False Imprisonment in North Carolina
The following blog entry explores the criminal charge of false imprisonment in North Carolina. At Gilles Law we encounter clients with a wide variety or criminal charges, some of which are not as well-known and common as others. A particular trend that we have noticed is that people get into fights or arguments that escalate into charges that people would not have expected. One of these charges is false imprisonment.
People understand that fights can lead to assault charges, but they do not realize that is can lead more serious criminal charges as well, under certain circumstances. In blog, we will shed a little bit of light on that. Like all of our blogs, this is for informational purposes only and is not intended to substitute the services of a criminal defense lawyer.
What is false imprisonment in North Carolina?
In North Carolina, false imprisonment is a common law crime, that involves the unlawful restraint of another person. It is not necessary for the defendant to have locked someone in a room.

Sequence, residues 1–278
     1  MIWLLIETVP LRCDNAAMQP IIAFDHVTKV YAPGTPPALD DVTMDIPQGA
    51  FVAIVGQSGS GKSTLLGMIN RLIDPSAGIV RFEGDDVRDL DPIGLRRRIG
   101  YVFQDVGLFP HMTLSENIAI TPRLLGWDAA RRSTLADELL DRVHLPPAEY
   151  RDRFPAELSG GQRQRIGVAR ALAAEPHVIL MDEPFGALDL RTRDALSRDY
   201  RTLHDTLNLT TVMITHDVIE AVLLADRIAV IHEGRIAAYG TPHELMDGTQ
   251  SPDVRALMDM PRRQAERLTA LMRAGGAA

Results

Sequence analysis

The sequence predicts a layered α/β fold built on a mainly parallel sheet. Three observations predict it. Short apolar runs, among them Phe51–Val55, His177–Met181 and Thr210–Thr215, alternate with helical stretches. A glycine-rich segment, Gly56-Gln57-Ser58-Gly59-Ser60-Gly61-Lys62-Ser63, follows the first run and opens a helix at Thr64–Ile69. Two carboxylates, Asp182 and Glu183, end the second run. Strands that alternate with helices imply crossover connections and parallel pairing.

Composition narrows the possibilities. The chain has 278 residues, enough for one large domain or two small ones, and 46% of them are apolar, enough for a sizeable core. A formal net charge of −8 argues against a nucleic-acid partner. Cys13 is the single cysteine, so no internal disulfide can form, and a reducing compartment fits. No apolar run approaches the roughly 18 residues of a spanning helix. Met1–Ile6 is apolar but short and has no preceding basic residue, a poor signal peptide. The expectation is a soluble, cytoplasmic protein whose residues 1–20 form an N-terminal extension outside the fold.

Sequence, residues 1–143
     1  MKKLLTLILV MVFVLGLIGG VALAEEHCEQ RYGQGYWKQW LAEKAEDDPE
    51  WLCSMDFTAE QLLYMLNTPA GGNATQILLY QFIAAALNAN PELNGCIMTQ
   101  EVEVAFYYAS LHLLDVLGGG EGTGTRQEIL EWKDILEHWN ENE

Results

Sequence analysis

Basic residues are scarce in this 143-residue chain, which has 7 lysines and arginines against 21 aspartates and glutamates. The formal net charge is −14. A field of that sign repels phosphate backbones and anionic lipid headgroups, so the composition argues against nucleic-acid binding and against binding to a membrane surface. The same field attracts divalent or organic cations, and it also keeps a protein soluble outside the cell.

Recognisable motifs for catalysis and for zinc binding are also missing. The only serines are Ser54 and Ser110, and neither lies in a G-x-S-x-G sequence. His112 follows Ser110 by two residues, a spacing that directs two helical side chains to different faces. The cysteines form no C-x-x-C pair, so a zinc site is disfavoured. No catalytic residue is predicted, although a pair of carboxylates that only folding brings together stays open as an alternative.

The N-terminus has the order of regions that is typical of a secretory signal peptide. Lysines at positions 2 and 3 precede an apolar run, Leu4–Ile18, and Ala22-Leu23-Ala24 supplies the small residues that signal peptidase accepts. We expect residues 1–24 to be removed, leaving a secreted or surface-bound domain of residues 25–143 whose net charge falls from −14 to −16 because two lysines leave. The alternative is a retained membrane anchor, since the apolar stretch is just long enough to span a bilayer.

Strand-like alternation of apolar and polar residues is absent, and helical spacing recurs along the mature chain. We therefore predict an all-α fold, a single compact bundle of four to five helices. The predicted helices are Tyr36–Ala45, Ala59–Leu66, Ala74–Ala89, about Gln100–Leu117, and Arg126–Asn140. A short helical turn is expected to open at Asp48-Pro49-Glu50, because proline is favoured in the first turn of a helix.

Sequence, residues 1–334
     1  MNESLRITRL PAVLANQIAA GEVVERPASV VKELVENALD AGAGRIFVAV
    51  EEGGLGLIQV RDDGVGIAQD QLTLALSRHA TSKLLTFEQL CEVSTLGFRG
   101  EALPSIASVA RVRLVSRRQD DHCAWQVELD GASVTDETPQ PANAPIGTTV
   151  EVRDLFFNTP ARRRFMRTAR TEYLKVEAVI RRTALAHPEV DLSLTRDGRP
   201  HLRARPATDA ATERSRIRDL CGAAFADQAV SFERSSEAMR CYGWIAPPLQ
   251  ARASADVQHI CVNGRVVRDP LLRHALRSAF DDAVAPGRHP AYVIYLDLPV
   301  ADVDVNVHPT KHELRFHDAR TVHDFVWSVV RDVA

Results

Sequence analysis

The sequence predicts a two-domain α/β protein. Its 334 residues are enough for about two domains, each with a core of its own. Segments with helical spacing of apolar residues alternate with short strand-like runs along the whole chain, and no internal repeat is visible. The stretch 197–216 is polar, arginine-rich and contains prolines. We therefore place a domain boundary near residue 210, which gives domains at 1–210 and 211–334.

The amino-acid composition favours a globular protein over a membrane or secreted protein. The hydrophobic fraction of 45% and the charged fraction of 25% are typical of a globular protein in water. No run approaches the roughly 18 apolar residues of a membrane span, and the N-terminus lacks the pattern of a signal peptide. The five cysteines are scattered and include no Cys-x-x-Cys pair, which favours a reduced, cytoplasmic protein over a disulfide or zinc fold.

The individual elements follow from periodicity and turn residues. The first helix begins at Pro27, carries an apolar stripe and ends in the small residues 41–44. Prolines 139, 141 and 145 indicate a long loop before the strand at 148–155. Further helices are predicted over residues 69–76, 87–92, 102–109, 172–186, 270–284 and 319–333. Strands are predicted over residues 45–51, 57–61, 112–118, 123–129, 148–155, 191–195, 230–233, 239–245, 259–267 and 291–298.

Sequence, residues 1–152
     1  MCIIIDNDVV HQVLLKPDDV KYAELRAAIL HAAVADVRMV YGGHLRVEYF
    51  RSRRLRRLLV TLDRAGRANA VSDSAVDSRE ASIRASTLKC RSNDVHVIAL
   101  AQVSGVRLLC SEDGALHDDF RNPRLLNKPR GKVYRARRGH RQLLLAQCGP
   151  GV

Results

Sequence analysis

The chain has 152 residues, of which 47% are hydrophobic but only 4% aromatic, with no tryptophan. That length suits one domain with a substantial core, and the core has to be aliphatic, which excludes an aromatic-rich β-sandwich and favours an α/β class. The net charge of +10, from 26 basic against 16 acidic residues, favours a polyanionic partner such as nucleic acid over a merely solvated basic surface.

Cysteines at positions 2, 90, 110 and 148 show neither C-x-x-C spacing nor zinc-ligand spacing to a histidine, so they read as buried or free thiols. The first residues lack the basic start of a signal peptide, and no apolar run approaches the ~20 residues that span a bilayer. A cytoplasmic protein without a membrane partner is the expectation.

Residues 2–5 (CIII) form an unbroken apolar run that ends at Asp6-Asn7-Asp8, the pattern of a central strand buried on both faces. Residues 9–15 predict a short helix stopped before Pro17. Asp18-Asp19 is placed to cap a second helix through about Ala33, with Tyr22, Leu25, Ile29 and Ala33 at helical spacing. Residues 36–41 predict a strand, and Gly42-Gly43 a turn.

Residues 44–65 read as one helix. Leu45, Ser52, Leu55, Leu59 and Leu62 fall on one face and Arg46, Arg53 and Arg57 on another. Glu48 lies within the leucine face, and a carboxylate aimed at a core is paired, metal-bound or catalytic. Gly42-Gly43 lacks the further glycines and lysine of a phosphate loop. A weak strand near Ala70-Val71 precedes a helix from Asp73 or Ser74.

Elements of a false imprisonment
- Intentionally or unlawfully
- Restraints or detains
- A person
- Without the person’s consent.
How is false imprisonment punished?
How false imprisonment charges come about
False imprisonment charges are often related to domestic disputes. What we have seen several times is that couples get into an argument, the argument escalates and one party doesn’t allow the other to leave. This usually occurs by either blocking the door way or making some sort of threat.
Exceptions to false imprisonment
- If there was probable cause to arrest someone and charge them with a crime, and the person was later found not guilty or the charges were dismissed, that alone does not constitute the crime of false imprisonment.
False imprisonment is a crime. Instances of police misconduct, prosecutorial misconduct or judicial misconduct that lead to someone being wrongfully imprisonment is usually a civil matter that is solved with a lawsuit.
- In North Carolina, in certain circumstances, a merchant may detain a person who he suspects is a shoplifter, as long as the detention is done in a reasonable manger and for a reasonable length of time.
This means that the employees of a store do have the right to detain someone while they wait for the police to come and handle the situation.
Criminal charges are numerous and varied and require the help of a trained professional. If you have been charged with a crime in North Carolina, charged with a crime in South Carolina, or charged with a federal crime, contact us. Gilles Law is a criminal defense firm located in Charlotte North Carolina. We are here to help.